Sílvia Regina Marques Faria, is a PhD student at the Universidade de Aveiro http:// www.cesam.ua.pt/silviaregina) undertaking a project entitled “WildFIRE effects on forest Soil Organic Matter stocks and losses by runoff”. She was a joint poster winner at the 9th ISEG meeting in Aveiro in July 2012. Her work is in collaboration with (IST-ITN), Sacavém, Portugal and (IRNAS-CSIC), Seville, Spain.
In Mediterranean ecosystems, forest fires are a common phenomenon and widely considered to be the main factor of disturbance. In the case of the Mediterranean Basin, the Iberian Peninsula has the highest risk of wildfire occurrence, and certainly in relative terms Portugal is affected most by wildfires, devastating on average 100,000 ha each year and dramatically larger areas in dry years like 2003 and 2005.
Wildfires result in the transformation of vegetation and litter, leaving charred residues, and thus influence the carbon cycle by changing: (i) the amounts of soil organic matter (SOM); and (ii) the proportions amongst the carbon pools with different degrees of stability. In addition to affecting the carbon cycle, fires also affect the amounts and availability of nitrogen within soil organic matter. Especially char and other highly stable soil carbon pools are dificult to determine with solvent-based methods, so that pyrolysis-based analysis methods offer several advantages.
The main objective of this study is testing the efficacy of pyrolysis–gas chromatography/mass spectrometry (Py–GC/MS) as a fast analytical technique to detect wildfire-induced molecular alterations of the SOM in Mediterranean Leptosols.
To this end, the topsoil of two slopes with adjacent patches of burnt and unburnt Maritime Pine (Pinus pinaster) and eucalypt plantations (Eucalyptus globulus) were sampled in the Serra de Lousã, central Portugal. Compounds released by analytical pyrolysis showed alterations in the SOM due to fire. At desorption step (300 ºC), the marked presence of labile carbohydrate- derived compounds and of long chain n-alkanes distribution pointed to the incorporation of fresh plant material and/or low wildfire severity. Pyrolysis at 500 ºC revealed an increase of low molecular weight molecules for certain homologous series in fire-affected soils, suggesting the occurrence of thermal breakdown and cracking of long-chain components. Also the presence of several thermo-labile markers indicated that the wldfire severity had been low. Elemental analysis indicated marked fire-induced increases in total organic carbon (TOC) and total nitrogen (TN) for the pine stand as opposed to noticeable decreases for the eucalypt stands. The pH and CEC results were consistent with the contrast in fire-induced changes in TOC and TN. Probably, this contrast between the two sites was not due to differences in direct fire effects (especially fire severity) but to indirect fire effects i.e. in particular needle/leaf fall from partially combusted tree canopies.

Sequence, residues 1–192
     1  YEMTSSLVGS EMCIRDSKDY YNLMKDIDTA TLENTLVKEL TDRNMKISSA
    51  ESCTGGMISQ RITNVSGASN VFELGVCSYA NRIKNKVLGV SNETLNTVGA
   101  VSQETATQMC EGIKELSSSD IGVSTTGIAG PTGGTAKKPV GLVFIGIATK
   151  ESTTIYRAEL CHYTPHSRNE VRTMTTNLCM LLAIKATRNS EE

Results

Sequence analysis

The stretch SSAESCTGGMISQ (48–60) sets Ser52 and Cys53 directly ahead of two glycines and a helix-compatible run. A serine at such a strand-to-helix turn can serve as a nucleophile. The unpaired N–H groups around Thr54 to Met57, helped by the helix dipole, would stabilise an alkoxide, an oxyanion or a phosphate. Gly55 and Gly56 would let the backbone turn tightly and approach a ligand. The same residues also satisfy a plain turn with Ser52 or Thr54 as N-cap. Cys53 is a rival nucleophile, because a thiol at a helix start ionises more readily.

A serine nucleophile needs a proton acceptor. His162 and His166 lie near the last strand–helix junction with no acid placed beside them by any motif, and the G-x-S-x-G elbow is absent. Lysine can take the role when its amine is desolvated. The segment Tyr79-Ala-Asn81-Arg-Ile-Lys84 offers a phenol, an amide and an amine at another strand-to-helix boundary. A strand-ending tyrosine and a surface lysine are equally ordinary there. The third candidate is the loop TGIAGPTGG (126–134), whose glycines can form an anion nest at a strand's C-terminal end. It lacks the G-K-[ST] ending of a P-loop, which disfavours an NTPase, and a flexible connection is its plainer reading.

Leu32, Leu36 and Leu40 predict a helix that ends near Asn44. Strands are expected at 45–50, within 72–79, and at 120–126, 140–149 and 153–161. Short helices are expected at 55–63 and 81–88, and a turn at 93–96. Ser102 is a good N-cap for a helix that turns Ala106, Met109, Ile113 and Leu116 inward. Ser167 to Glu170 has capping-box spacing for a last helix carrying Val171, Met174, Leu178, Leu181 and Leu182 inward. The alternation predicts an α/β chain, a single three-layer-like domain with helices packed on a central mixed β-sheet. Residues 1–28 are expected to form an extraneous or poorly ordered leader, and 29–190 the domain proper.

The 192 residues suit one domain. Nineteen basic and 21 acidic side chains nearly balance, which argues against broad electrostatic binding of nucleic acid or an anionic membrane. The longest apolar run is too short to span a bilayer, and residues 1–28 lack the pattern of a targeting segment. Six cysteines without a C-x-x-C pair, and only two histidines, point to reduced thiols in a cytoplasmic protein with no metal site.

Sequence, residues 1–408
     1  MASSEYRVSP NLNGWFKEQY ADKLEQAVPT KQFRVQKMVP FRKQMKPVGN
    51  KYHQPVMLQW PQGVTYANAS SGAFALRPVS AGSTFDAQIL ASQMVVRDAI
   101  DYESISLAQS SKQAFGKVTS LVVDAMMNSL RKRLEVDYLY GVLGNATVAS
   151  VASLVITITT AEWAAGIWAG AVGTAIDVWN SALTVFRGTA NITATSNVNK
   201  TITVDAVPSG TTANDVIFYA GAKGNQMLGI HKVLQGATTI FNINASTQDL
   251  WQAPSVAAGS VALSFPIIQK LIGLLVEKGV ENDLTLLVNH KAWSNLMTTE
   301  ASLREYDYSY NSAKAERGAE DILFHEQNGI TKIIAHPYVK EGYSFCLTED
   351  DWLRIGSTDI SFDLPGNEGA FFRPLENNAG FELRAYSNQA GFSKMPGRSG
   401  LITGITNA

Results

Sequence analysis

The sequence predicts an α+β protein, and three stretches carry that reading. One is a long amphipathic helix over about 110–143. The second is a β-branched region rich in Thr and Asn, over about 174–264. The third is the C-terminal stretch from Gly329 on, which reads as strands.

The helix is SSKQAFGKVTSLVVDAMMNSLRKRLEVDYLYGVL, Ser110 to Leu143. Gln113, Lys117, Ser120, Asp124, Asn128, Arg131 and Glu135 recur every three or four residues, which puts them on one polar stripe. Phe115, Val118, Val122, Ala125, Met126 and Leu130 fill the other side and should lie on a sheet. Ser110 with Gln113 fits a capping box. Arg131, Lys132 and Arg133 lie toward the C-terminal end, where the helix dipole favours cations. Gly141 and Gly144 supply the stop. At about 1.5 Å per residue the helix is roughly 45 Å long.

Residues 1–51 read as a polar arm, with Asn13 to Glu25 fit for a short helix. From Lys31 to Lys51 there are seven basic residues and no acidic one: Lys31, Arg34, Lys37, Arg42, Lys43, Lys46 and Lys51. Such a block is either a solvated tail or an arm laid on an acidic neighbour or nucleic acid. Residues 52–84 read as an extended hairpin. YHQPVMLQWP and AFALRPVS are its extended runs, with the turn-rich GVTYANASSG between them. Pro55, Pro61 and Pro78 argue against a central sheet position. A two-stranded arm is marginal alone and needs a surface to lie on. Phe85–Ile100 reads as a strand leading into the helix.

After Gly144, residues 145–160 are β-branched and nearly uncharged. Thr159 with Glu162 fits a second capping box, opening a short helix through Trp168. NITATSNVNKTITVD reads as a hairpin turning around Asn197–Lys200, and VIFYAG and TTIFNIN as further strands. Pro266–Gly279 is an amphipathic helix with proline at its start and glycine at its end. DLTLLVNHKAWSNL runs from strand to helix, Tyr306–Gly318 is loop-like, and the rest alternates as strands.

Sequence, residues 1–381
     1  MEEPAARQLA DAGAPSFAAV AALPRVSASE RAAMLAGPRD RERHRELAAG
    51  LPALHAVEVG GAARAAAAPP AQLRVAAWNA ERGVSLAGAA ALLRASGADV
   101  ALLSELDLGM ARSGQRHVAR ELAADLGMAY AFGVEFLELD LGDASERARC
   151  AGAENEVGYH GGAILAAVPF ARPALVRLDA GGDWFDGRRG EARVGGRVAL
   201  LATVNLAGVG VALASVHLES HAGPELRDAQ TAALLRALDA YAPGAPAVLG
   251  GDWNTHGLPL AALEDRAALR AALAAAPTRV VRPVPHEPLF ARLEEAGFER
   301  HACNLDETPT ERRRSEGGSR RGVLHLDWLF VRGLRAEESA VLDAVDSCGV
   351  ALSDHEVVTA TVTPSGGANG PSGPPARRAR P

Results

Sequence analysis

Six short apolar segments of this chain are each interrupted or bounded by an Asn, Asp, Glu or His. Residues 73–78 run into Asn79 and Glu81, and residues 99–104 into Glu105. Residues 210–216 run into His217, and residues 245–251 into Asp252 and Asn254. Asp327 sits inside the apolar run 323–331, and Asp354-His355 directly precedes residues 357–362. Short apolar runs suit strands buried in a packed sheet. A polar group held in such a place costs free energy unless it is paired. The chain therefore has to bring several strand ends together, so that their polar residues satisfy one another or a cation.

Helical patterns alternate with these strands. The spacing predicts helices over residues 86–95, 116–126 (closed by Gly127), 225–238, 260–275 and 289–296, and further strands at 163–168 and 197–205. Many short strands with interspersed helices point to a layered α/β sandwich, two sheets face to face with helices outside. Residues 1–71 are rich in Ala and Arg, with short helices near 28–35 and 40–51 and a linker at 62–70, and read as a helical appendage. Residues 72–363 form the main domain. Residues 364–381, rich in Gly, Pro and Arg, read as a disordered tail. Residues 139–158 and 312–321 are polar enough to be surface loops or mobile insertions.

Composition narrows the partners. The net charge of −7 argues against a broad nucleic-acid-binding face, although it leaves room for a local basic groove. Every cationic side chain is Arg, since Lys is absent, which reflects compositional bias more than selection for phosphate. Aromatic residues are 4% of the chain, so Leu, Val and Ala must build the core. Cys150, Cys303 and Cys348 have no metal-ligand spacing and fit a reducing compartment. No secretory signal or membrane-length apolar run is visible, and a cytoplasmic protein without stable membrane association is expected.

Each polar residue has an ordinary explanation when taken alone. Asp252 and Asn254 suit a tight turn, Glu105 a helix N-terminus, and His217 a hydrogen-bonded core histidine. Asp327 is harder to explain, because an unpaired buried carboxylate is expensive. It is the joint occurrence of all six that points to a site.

Sílvia Regina Marques Faria
Universidade de Aveiro www.cesam.ua.pt/silviaregina